Jump to content
  • Advertisement
Sign in to follow this  
GameMasterXL

Using Artificial Intelligence within an Operating System Enviroment

This topic is 3940 days old which is more than the 365 day threshold we allow for new replies. Please post a new topic.

If you intended to correct an error in the post then please contact us.

Recommended Posts

Advertisement
maybe for the heck of it..
AI can be used for example to manage threads, to confirm halting properties if possible...
Maybe you're aiming at a very high level operating system, a platform perhaps like .NET... Probably there is some kind of 'simple' AI for garbage collection and things like that.
The more you think about AI in a specific subject, the less it's clear what AI is..

My 0.5 cents

Share this post


Link to post
Share on other sites
Thanks for the replys, perhaps AI can be used for file lookups within a file system to find the most economical way possible of locating file sectors within the shortest amount of time instead of using say a tree like system. I also like your idea Arithma of using AI for the management of multi-tasking systems, and memory management.

Share this post


Link to post
Share on other sites
This reminds me of a macro program someone put together for the Mac OS. It would sit around and wait for you to do things.
If it ever determined that you were just repeating the same set of steps over and over, it would sugest an automation,
let you confirm that the automation did in fact do what you were doing, and would then finish the task in the background
and tell you when it was done.

Share this post


Link to post
Share on other sites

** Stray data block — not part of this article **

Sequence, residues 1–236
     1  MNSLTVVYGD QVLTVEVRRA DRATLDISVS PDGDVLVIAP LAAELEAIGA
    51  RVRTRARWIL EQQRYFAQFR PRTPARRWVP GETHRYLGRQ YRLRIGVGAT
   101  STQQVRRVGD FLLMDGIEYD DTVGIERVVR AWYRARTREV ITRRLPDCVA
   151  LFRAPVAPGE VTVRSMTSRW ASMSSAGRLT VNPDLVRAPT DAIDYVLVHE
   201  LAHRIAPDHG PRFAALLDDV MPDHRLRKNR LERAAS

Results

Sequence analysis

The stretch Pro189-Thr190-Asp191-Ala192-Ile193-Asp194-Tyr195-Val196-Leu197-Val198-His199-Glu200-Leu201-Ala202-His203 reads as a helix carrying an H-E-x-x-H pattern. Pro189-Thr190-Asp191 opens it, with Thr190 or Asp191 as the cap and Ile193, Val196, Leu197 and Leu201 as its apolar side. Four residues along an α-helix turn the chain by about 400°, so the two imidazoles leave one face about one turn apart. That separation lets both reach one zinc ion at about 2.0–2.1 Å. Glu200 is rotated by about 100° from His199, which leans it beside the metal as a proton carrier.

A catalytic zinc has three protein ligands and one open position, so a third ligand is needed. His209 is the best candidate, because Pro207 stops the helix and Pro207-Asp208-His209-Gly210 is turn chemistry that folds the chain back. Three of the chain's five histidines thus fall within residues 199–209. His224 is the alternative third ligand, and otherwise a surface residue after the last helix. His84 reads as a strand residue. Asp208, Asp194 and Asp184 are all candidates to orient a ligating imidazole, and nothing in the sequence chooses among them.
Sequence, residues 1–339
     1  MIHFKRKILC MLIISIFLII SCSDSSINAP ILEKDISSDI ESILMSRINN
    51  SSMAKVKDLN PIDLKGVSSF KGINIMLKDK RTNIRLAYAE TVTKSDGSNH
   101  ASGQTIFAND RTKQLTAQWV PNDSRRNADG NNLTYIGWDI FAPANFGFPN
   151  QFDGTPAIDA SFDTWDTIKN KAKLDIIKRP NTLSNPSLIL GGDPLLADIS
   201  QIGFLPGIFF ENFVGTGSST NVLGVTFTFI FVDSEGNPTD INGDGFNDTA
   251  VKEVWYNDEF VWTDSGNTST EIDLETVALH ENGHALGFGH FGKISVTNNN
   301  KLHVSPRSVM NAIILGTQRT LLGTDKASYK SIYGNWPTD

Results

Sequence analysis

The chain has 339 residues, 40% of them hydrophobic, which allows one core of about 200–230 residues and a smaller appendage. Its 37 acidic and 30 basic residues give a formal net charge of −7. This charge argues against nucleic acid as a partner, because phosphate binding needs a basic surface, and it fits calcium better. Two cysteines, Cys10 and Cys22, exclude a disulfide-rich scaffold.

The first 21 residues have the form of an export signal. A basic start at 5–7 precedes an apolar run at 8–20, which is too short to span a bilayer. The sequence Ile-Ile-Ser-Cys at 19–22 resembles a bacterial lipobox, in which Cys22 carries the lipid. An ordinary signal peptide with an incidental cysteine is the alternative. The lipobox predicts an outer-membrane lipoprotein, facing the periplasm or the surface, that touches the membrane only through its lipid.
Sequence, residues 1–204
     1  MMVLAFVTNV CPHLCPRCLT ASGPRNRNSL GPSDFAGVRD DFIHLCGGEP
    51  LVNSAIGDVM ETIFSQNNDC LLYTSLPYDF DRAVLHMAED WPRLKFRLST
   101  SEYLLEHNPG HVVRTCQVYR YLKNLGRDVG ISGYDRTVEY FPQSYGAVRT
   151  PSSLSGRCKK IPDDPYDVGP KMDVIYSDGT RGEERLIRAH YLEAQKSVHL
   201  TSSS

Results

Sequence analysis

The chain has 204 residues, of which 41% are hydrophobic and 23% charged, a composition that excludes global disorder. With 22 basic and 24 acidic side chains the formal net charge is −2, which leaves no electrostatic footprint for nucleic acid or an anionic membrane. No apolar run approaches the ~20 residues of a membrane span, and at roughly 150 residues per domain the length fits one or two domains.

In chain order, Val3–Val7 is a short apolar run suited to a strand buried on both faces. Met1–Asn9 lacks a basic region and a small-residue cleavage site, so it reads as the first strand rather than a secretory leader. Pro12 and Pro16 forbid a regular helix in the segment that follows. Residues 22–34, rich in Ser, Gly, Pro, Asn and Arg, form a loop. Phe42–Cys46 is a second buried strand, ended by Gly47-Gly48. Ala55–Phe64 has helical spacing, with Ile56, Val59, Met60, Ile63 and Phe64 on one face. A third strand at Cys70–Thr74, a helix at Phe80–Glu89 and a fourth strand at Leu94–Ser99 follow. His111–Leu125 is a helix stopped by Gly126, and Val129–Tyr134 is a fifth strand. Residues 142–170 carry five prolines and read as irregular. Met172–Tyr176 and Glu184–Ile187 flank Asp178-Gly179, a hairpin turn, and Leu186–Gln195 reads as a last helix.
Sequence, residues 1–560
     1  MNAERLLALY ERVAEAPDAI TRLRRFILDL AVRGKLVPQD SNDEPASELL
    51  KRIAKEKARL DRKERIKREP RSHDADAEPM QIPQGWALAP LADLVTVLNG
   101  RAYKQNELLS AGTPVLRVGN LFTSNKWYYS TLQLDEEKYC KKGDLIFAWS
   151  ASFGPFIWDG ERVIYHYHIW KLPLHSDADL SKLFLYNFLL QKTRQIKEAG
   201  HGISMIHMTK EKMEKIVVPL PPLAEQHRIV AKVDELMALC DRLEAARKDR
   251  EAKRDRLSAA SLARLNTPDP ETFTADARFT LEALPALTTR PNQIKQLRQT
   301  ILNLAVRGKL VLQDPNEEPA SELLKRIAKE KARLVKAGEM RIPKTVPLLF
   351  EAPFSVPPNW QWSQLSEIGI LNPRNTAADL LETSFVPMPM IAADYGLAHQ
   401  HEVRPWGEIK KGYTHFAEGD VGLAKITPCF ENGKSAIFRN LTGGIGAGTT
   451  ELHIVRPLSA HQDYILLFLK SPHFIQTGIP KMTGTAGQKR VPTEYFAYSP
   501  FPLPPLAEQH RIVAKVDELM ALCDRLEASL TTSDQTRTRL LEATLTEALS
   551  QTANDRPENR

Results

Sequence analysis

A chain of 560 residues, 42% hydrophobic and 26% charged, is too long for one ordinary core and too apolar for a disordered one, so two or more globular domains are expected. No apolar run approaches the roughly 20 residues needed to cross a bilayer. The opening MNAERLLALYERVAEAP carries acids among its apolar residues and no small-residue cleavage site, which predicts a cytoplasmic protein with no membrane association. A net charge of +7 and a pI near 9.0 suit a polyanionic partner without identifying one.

I think if you're using AI to do things like maximise performance then you're going to run into the problem where you're actually wasting time trying to find a better solution when really I would have been quicker to just do it. An example is when windows spends more time calculating how long it'll take to copy a file, than it does actually copying the file.

AI generally takes quite a bit of processing which makes it a waste to use it to find better performance in a realtime system. I'm not saying AI in an OS wouldn't have it's uses, I just think it's the wrong tool for the job.

Share this post


Link to post
Share on other sites
Quote:
Original post by instinKt
<snip> An example is when windows spends more time calculating how long it'll take to copy a file, than it does actually copying the file.</snip>


Especially when it says "4,238,923 minutes remaining".

Share this post


Link to post
Share on other sites
Yes i do see what you mean about the AI performance risk but isn't that risk very similar to the current type of implimentatios we have these days within the operating systems we use? for instance the file indexing service of a file system has to do quite a bit of processing to write or retrieve a file.

Share this post


Link to post
Share on other sites
I think you're going to have to be more specific when you say "AI". Most (probably all) operating systems use heuristics, estimations, predictions, and other kinds of "smart" programming that would probably fall under the very broad umbrella of AI. Even search algorithms can be called AI.

Share this post


Link to post
Share on other sites
Sign in to follow this  

  • Advertisement
×

Important Information

By using GameDev.net, you agree to our community Guidelines, Terms of Use, and Privacy Policy.

We are the game development community.

Whether you are an indie, hobbyist, AAA developer, or just trying to learn, GameDev.net is the place for you to learn, share, and connect with the games industry. Learn more About Us or sign up!

Sign me up!